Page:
We took a leisurely drive north on U.S. Highway 1 to Boothbay Harbor yesterday morning and noted a few places along the way that we will want to go back and see. Included were a great place for breakfast six miles away from the campground, the headquarters of L L Bean and the main store for DeLorme Maps. I’ll report on those in the upcoming weeks.
Maine is a really beautiful state. The license plates carry the slogan: A National Treasure. Agreed. Our drive certainly lived up to the slogan.
We got to Boothbay Harbor with about 90 minutes to spare and decided to poke around a little bit before having lunch. Before I knew it, I spotted a whale.
Just east of this whale is a local eatery called McSeagulls. Expensive, but I had the absolute best fish and chips of my life. The fish of choice up here for fish ‘n chips is haddock. Very light tasting with a nice texture.
This was our table and our view.
Boothbay Harbor has lots of neat Victorian-era homes and B and Bs and plenty of places to drop a few bucks if you are so inclined. The greater municipal area is made up of five communities with a combined population of 30,000. In the winter the head count drops to around 3,000.
We boarded our ship (no photo, just a typical sight-seeing boat) at 1:30 and got some good views of the harbor and surrounding islands. When we win Mega or Power Ball, it would be tempting to buy one of these homes on the water.
This is an area where a lot of lobster fishing takes place as evidenced by the many floating platforms containing lobster traps.
This is Burnt Harbor Light.
The tour boat cruised at about 20 knots for close to 75 minutes and we heard a lot about whales from the on-board tour guide, but we were beginning to think we might have to invoke the “rain check” guarantee if no whales where sighted.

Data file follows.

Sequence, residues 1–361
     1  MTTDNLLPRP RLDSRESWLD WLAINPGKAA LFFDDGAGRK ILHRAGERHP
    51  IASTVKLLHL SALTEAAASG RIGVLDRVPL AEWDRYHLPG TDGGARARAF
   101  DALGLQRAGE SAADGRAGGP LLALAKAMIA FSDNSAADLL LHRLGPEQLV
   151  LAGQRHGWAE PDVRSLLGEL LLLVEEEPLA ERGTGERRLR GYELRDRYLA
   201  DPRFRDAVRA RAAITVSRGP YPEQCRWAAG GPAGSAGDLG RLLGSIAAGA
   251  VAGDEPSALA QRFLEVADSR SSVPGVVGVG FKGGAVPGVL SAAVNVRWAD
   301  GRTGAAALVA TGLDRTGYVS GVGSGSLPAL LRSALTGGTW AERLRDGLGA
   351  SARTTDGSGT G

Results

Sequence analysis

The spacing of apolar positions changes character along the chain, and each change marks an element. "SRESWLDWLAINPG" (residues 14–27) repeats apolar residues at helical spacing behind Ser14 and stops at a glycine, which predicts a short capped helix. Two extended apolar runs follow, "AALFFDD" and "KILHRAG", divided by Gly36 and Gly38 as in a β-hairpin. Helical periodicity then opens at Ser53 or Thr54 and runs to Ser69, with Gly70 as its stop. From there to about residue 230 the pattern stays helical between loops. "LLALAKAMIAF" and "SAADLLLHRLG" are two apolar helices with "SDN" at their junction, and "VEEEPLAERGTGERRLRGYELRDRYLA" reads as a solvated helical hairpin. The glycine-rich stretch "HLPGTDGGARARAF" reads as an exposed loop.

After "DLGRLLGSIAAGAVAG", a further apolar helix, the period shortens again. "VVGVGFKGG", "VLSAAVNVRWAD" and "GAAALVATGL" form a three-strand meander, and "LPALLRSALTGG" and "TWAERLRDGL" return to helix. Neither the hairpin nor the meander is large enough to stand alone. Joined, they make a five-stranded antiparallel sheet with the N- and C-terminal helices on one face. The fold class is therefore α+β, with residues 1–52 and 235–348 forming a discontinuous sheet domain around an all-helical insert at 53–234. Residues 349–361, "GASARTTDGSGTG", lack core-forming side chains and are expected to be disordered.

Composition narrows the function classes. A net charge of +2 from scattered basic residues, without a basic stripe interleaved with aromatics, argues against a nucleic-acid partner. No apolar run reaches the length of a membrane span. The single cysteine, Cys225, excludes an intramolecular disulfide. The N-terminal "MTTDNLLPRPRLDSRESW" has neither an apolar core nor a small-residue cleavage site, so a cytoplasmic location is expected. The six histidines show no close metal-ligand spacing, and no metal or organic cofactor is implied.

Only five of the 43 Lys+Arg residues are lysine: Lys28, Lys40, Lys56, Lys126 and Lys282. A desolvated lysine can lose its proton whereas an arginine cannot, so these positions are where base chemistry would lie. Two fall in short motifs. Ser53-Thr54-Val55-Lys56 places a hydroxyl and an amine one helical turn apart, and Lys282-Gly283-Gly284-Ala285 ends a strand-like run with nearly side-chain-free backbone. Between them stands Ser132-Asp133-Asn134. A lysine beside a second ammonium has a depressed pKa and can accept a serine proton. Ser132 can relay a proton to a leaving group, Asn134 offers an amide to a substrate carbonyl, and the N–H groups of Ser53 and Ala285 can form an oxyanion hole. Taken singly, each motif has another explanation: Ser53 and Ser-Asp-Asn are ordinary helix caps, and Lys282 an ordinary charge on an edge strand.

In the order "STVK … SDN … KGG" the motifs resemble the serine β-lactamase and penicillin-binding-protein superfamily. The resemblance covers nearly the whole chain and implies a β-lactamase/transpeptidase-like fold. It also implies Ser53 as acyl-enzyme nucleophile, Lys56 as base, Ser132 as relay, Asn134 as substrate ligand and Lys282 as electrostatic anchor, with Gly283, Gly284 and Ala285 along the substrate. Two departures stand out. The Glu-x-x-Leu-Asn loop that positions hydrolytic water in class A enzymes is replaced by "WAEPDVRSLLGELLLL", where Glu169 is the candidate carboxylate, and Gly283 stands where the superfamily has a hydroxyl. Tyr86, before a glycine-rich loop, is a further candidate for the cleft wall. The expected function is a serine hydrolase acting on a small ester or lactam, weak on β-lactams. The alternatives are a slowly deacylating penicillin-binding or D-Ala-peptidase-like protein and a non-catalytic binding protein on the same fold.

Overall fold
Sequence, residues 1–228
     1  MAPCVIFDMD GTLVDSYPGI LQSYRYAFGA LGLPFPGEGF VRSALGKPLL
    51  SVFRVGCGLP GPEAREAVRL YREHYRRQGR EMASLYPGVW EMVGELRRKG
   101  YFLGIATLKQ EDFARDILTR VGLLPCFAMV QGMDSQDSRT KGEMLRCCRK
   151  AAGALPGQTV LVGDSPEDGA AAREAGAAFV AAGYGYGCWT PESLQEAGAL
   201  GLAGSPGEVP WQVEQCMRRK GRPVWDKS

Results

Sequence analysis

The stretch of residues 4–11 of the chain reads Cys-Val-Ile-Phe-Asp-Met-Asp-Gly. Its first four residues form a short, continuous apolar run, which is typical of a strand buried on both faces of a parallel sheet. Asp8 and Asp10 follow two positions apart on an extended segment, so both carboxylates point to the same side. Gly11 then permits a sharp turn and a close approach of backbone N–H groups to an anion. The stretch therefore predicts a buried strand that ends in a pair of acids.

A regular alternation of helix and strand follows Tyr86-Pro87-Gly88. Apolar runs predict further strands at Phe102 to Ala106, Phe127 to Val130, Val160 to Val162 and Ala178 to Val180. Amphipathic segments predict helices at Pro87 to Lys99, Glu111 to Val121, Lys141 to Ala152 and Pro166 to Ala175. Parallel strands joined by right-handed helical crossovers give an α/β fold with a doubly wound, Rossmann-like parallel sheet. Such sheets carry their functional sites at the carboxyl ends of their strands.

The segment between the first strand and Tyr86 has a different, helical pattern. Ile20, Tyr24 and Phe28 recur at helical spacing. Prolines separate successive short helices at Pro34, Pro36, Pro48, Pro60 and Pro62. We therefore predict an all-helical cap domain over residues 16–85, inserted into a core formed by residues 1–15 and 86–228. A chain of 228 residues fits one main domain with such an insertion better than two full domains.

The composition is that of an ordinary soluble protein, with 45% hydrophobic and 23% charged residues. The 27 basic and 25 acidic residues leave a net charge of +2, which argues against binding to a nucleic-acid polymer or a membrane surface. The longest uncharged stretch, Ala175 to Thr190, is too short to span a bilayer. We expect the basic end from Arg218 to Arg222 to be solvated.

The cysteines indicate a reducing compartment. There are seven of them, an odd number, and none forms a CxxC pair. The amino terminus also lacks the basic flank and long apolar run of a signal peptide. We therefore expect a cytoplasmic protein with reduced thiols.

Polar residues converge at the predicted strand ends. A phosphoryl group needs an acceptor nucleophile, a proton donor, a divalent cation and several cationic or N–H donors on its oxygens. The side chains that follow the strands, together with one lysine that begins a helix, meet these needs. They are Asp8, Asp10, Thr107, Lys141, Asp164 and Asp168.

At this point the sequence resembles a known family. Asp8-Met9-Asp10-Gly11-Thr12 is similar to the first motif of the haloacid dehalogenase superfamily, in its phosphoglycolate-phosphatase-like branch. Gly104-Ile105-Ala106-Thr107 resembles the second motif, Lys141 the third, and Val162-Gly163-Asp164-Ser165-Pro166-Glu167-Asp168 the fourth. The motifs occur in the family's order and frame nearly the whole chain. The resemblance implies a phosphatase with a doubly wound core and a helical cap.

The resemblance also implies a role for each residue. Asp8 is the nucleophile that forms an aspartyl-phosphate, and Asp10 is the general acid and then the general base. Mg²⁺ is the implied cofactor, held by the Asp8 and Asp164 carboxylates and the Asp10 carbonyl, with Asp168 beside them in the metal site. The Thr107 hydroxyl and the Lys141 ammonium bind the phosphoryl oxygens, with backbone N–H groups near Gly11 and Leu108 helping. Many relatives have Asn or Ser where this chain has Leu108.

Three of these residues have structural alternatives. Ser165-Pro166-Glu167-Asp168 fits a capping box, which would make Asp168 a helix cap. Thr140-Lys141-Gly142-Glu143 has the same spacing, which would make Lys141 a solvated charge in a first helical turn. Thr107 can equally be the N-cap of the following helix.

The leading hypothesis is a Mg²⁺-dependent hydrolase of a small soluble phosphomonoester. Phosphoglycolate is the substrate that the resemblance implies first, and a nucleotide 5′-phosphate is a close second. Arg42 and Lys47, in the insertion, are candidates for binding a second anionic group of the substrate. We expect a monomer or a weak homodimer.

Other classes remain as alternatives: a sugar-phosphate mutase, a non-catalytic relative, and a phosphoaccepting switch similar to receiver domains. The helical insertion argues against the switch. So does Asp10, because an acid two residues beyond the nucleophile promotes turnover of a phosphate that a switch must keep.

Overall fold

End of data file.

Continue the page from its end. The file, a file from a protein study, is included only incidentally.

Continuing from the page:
The ocean had a slight chop to it which made spotting the water spout of a whale that much more difficult. But finally, someone spotted a whale. In the picture below I have identified a water spout from a finback whale. Look just to the left of the wording.
The next two photos will show more of the giant finback whale as he or she performed for us.
The fin whale (Balaenoptera physalus), also called the finback whale,razorback, or common rorqual, is a marine mammal belonging to the suborder of baleen whales. It is the second longest whale and the sixth largest living animal after the blue whale, bowhead whale, and right whales,growing to nearly 27 meters (88 ft) long. The American naturalist Roy Chapman Andrews called the fin whale "the greyhound of the sea" because of its great speed when chased and slender build.
On the way home we stopped in Wicasset at Red’s Eats, a famous little shack of a place known for its lobster rolls. Sandy had a “lobsta” roll for lunch so we opted to split a shrimp basket. It was not worth the bother.
But all in all we had a great day and saw four whales.